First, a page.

• Ignore Drill-downs – Exclude session drill-down events - when someone travels on your website, it doesn’t give any additional information about the traffic source, these can be identified as ones that have an internal page referrer, like your_website.com url. While the google.com referrer is meaningful landing, your_website.com/pricing with your_website.com referrer is a drill-down event. Just excluding pages with /path is not right because landing pages can have path.
  • Keep Meaningful Signals – Exclude page views that don’t have either UTMs or external referrers, but make sure UTMs are tracked properly and put into context_campaign_* fields. If they are not, and UTM parameters are stored in the page URL or referrer URL, parse them from these columns. At the end, you will have each UTM column with a waterfall logic (coalesce function with all possible sources on meaningful information). Then, filter rows that have either one of these produced UTMs or an external referrer. For referrer, it’s better to extract just the domain to reduce cardinality and ease subsequent mapping.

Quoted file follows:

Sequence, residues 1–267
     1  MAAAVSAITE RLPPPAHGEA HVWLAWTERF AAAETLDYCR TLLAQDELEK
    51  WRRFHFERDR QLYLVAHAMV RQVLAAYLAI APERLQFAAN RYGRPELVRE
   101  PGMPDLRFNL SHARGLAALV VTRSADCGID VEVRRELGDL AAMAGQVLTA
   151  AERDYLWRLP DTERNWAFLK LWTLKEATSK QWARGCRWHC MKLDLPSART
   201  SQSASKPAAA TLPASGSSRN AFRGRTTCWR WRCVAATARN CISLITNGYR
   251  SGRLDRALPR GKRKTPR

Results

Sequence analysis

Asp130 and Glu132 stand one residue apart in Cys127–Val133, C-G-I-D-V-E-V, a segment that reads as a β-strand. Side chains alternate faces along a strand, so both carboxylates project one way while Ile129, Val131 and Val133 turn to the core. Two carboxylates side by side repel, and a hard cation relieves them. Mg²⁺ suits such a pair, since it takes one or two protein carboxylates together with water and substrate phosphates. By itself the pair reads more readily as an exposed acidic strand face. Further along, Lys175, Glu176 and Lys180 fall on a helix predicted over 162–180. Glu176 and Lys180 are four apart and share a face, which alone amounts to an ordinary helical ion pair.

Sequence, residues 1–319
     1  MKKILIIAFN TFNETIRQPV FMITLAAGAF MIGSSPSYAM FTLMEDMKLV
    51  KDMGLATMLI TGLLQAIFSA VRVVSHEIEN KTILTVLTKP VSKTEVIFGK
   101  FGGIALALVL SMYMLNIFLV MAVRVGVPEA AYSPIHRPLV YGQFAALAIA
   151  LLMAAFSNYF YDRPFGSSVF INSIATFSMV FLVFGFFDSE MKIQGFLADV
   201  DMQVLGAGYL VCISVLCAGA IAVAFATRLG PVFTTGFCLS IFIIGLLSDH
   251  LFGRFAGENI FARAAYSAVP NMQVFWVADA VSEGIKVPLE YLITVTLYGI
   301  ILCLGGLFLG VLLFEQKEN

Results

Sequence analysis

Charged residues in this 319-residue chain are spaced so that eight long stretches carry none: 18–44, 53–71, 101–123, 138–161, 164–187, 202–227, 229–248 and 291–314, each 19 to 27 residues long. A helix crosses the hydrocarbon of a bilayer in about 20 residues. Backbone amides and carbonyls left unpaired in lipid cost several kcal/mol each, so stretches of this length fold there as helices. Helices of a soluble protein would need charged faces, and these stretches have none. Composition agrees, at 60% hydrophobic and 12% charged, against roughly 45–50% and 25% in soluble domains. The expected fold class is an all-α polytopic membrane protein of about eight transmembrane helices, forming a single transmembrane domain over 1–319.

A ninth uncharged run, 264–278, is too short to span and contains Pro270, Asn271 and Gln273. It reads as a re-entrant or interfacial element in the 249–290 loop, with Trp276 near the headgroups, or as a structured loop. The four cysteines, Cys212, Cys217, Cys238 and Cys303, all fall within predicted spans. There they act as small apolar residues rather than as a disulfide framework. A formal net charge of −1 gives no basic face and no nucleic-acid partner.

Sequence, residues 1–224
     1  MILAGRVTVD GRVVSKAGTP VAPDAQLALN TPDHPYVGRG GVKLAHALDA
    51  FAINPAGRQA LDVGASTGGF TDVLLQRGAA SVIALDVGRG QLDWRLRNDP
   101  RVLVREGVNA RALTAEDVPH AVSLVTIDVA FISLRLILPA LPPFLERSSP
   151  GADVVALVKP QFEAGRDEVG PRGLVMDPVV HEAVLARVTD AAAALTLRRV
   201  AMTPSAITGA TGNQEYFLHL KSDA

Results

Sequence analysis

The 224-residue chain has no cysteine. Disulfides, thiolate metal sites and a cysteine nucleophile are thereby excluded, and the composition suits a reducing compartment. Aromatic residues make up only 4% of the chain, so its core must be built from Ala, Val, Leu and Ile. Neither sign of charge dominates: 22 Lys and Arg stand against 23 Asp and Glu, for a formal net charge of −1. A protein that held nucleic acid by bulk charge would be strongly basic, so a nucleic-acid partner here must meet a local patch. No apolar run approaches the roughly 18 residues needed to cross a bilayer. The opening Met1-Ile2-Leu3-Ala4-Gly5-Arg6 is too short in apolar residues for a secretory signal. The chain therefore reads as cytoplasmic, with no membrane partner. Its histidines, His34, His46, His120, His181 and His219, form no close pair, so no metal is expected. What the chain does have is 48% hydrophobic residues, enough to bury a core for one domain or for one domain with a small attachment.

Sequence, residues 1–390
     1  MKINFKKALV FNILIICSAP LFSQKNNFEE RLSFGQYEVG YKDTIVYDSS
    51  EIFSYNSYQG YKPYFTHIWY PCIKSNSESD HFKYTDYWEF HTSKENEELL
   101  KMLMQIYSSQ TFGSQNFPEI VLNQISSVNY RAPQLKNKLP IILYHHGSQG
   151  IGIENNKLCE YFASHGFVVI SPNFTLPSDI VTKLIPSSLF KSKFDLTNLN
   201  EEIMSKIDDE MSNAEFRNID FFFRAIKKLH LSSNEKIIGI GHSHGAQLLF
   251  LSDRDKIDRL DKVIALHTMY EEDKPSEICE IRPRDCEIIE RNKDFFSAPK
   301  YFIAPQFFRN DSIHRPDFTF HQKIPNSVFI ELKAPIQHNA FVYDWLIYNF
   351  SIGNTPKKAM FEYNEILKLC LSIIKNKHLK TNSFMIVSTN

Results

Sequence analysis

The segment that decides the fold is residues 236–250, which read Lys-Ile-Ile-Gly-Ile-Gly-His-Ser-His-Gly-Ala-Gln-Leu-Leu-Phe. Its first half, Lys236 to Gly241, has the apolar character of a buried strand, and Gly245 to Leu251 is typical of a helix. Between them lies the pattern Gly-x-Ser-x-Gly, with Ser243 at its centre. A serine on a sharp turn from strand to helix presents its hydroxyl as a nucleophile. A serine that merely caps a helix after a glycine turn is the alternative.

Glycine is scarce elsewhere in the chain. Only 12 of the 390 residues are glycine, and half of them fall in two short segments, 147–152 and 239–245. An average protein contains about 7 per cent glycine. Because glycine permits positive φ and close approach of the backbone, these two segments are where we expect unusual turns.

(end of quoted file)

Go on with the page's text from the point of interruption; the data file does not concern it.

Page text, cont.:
• Keep Changing Signals – You can still have multiple subsequent landings with the same combination of UTMs and referrer (like when someone clicks on the same ad multiple times or refreshes the page), so you can also exclude subsequent events that share the same pattern for the same user (we call it context trace). This way, only changing signal is preserved.
  • Bucket Sources – last but not least, bucket your UTMs into source field, for instance when utm_source in ('google','adwords') or referrer like 'google%' maps to google source. Then, sources can also be grouped into channels for higher level aggregation, like Google and Bing are mapped to paid search channel.
  • Enrich Dataset with Dimensions – There can be any other additional dimensions, like product or business line, as long as they map directly to campaigns/ads (if campaign X promotes product Y, there can be product dimension with Y value). For this, mapping tables can be used, or if the naming convention is good enough, it can come straight from asset name processing.